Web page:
He patted the girl’s hair. She’d fallen into his trap. “With a smile like that,” Hans Hubermann said, “you don’t need eyes." When Hans draws Liesel
Liesel gets really sad when Hans is called to fight in the War. She can't stop thinking about him (what happened, if he was okay, if he would he come back...). When Hans came back she felt really happy again.
Overall, Hans is a stabilizing and life-saving force in Liesel's life, one that allows her to overcome the difficult circumstances that she has faced, and be strong. Hans is the older father that Liesel has not known before.
Rosa Hubermann is Liesel's adoptive/foster mother. When Liesel first arrives at Rosa and Hans' home, Rosa is pretty abrasive and arrogant. She always calls Liesel a «Saumensch» and other things, but she loves her anyways.
"What are you arseholes looking at?" Rosa to the people who were watching Liesel when she first arrived
“In fact, you could say that Rosa Hubermann had a face decorated with constant fury. That was how the creases were made in the cardboard texture of her complexion.” Death about Rosa HubermannHowever, Rosa becomes a very important and influential person in Liesel's life. Max arrives and brings out her softer side, in the same way Liesel brings out Hans'. In turn, Liesel and Rosa's relationship improves, and Liesel sees the difference in her.
Rosa and Liesel never find the same kind of relationship she has with Hans, but Rosa does provide Liesel with a sort of motherly comfort, and she is a great example for her foster child.
When Liesel finds Hans and Rosa's bodies, both dead, she cries a lot, showing that she actually cared a lot about both of them.
Liesel's brother is Werner Meminger. He did not make it to Molching, where he and Liesel would be fostered by the Hubermanns. He died on the train while going to the Hubermann's house, in the beggining of the story (January 1939) with pneumonia. Werner was 6 when he died. In his funeral, Liesel found a copy of The Gravedigger's Handbook on the ground.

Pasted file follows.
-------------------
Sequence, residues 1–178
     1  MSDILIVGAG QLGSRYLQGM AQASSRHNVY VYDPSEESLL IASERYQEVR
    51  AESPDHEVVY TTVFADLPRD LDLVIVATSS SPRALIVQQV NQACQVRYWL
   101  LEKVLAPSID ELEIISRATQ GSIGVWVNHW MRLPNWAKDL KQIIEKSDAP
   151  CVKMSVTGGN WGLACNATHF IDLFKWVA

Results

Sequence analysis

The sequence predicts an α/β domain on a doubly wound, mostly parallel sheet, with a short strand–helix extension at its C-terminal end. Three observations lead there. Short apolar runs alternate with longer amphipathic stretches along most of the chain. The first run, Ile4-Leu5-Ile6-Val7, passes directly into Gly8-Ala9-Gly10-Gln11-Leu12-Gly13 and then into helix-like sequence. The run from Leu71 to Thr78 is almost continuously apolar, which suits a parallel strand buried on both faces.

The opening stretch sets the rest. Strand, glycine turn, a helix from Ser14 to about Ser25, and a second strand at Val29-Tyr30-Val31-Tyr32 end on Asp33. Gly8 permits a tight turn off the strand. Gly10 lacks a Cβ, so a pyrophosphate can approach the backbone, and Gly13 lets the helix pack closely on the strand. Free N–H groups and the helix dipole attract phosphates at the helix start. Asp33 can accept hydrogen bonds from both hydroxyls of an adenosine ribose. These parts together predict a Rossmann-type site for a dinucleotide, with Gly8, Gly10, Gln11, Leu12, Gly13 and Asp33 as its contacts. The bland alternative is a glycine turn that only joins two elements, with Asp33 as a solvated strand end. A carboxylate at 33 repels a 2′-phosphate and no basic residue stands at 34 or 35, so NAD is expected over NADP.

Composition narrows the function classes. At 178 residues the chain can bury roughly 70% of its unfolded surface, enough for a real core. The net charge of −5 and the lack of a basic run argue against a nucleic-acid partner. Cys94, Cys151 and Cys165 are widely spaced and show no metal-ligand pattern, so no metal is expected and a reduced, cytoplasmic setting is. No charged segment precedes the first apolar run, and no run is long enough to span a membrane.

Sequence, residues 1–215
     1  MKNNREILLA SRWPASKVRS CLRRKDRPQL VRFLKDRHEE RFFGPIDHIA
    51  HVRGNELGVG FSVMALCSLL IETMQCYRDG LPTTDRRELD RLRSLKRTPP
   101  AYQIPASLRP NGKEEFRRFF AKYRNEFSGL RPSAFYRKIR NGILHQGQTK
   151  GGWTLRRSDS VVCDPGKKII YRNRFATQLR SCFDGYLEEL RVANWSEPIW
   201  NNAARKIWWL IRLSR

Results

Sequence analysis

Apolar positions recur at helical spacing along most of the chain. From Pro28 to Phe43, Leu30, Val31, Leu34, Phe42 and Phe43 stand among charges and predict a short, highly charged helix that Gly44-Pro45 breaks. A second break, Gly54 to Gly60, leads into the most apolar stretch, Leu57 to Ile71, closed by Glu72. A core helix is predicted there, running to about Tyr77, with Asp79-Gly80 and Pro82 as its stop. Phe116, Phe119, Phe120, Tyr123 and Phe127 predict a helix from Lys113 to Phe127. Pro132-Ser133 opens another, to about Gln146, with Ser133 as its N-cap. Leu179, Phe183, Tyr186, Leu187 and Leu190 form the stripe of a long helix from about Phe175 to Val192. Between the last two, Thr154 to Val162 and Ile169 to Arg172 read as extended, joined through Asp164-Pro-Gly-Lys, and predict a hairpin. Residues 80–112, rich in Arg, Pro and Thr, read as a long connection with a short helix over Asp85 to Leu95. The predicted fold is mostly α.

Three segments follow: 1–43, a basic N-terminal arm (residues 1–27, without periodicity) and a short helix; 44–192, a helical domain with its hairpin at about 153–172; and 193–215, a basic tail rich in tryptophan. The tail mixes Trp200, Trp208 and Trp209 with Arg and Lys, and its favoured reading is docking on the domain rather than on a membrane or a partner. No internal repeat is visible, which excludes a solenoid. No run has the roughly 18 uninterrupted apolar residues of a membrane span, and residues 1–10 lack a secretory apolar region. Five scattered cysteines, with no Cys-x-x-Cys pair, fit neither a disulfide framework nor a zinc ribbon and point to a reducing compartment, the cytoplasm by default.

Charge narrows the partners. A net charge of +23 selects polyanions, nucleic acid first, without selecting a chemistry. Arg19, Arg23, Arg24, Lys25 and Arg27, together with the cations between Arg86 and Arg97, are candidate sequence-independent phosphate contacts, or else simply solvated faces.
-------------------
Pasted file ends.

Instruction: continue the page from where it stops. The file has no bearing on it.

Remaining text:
We don't know much about his relationship with Liesel before he dies, but from the extent of her grief, we can imagine they were close. Liesel is haunted by the memory of Werner and consistently experiences nightmares about his death for months after arriving in Molching. At one point, Liesel thinks to herself that in her mind, Werner will be six years old forever.
Paula Meminger Edit
We know very little about Liesel's mother, except that she's a very tragic figure. She lost her husband and gave up for adoption both of her children (Liesel and Werner) before disappearing herself.
Liesel's father was taken away by the Nazis for being a Communist, and Paula meets the same fate. As Liesel comes to realize, by giving her daughter away, Paula saves her from persecution.
Throughout the novel, Liesel thinks a lot about her mother. She even writes letters to her. Rosa and Hans don't want to tell Liesel that her mother is probably dead, so they pretend they try to send those letters. Liesel becomes sad when she finds it out, but, when she grows up, she understands why her mother couldn't answer or visit her.
Paula cried a lot when Werner died and in his funeral, and was an amazing person by giving their children for adoption (so they could have a better life), so we can admit she loved her children a lot.
The Books Edit